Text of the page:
How does tobacco industry influence the next generation?
Interviews on the street
Everyone knows nicotine is addictive, but that's not the whole story. It poses special dangers to the developing teen brain. You may have heard that nicotine is as harmless as caffeine, but read on to see why that's utter bunk.
You don't have to be a zombie to know how important brains are. But nicotine puts the teen brain at risk: It can mess up the areas affecting judgment, completing tasks and meeting goals. Plus, it could make teens more prone to overblown emotional reactions and immature behavior – sound fun?
This goes way beyond teen moodiness. Using nicotine at a young age is associated with developing mental problems like depression, agoraphobia, panic disorder, and antisocial personality disorder.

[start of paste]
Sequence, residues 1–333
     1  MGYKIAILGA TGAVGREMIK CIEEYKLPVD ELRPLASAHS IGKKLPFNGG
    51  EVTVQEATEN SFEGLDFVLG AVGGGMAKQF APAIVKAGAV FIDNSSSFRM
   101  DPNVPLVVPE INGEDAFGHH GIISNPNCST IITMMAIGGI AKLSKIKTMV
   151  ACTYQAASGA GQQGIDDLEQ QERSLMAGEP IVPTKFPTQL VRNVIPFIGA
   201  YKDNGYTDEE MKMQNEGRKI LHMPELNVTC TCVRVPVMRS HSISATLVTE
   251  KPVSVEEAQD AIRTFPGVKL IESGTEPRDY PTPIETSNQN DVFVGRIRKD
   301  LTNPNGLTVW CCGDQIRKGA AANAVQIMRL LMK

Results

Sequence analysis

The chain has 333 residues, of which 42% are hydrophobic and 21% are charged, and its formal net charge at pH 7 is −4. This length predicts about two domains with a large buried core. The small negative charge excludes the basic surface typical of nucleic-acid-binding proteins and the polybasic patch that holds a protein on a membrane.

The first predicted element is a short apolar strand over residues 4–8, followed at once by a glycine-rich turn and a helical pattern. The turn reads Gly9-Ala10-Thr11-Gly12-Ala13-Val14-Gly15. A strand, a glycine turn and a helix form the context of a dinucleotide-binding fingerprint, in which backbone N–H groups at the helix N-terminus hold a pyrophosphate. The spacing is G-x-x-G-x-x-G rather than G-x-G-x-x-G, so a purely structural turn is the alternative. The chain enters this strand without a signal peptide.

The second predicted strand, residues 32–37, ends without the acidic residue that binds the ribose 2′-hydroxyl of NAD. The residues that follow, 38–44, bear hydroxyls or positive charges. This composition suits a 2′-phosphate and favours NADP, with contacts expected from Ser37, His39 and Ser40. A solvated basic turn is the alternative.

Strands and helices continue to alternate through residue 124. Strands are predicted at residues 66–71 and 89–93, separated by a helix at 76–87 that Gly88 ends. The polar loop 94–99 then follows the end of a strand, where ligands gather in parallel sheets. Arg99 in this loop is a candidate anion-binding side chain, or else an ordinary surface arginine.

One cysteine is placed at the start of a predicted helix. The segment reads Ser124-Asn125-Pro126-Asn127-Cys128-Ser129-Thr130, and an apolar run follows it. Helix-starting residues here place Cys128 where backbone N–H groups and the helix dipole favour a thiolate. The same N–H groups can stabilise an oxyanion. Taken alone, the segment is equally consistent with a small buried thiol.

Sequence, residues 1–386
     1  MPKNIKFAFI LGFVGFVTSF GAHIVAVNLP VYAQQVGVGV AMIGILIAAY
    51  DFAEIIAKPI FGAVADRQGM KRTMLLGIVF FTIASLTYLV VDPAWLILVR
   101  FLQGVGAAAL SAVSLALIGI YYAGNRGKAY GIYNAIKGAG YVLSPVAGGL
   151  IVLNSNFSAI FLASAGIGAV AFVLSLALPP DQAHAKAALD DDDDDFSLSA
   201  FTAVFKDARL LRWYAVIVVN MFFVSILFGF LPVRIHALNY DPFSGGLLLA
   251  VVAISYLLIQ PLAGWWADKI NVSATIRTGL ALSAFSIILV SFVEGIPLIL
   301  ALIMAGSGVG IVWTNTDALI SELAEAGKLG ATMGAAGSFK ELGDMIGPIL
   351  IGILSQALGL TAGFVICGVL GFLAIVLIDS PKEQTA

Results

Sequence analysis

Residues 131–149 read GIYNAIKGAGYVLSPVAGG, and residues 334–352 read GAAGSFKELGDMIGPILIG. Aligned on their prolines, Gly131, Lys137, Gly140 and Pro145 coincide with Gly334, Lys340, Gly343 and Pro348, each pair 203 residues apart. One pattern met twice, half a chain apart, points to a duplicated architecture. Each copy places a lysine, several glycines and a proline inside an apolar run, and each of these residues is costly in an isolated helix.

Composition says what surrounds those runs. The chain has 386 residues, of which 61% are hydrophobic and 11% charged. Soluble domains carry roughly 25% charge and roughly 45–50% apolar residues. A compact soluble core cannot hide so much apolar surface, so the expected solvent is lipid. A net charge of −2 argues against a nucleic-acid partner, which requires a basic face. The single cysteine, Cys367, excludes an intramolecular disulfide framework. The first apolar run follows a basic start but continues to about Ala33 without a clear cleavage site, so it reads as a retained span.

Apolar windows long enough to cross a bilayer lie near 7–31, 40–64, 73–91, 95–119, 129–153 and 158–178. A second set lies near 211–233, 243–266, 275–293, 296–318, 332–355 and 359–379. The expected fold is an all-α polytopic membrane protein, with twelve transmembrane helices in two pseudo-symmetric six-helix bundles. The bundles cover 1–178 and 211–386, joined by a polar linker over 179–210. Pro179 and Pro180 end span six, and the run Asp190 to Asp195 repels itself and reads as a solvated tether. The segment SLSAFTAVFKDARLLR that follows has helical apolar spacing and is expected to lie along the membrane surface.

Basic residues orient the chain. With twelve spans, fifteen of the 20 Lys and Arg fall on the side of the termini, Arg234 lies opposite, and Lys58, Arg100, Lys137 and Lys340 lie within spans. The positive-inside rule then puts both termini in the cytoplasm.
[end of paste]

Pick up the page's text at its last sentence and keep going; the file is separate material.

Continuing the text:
In the digital age, teens already have the deck stacked against them when it comes to being easily distracted. But e-cigs could make it worse: studies show teens who use nicotine may have impaired attention spans. Teachers are going to love hearing that.
Nicotine is as hard to quit as heroin (and cocaine). And the evidence suggests teens become addicted at lower doses than adults, so even light use could spark a lifelong battle with addiction.
“At least it's not heroin!” a teen vaper might say, dramatically. But the evidence suggests nicotine could be putting them at risk for substance abuse problems and prime them for addiction as adults.
Vaping with nicotine could amplify teens' inherent tendencies toward novelty-seeking, impulsivity, and risk-taking. Does the world really need any more Jackass movies?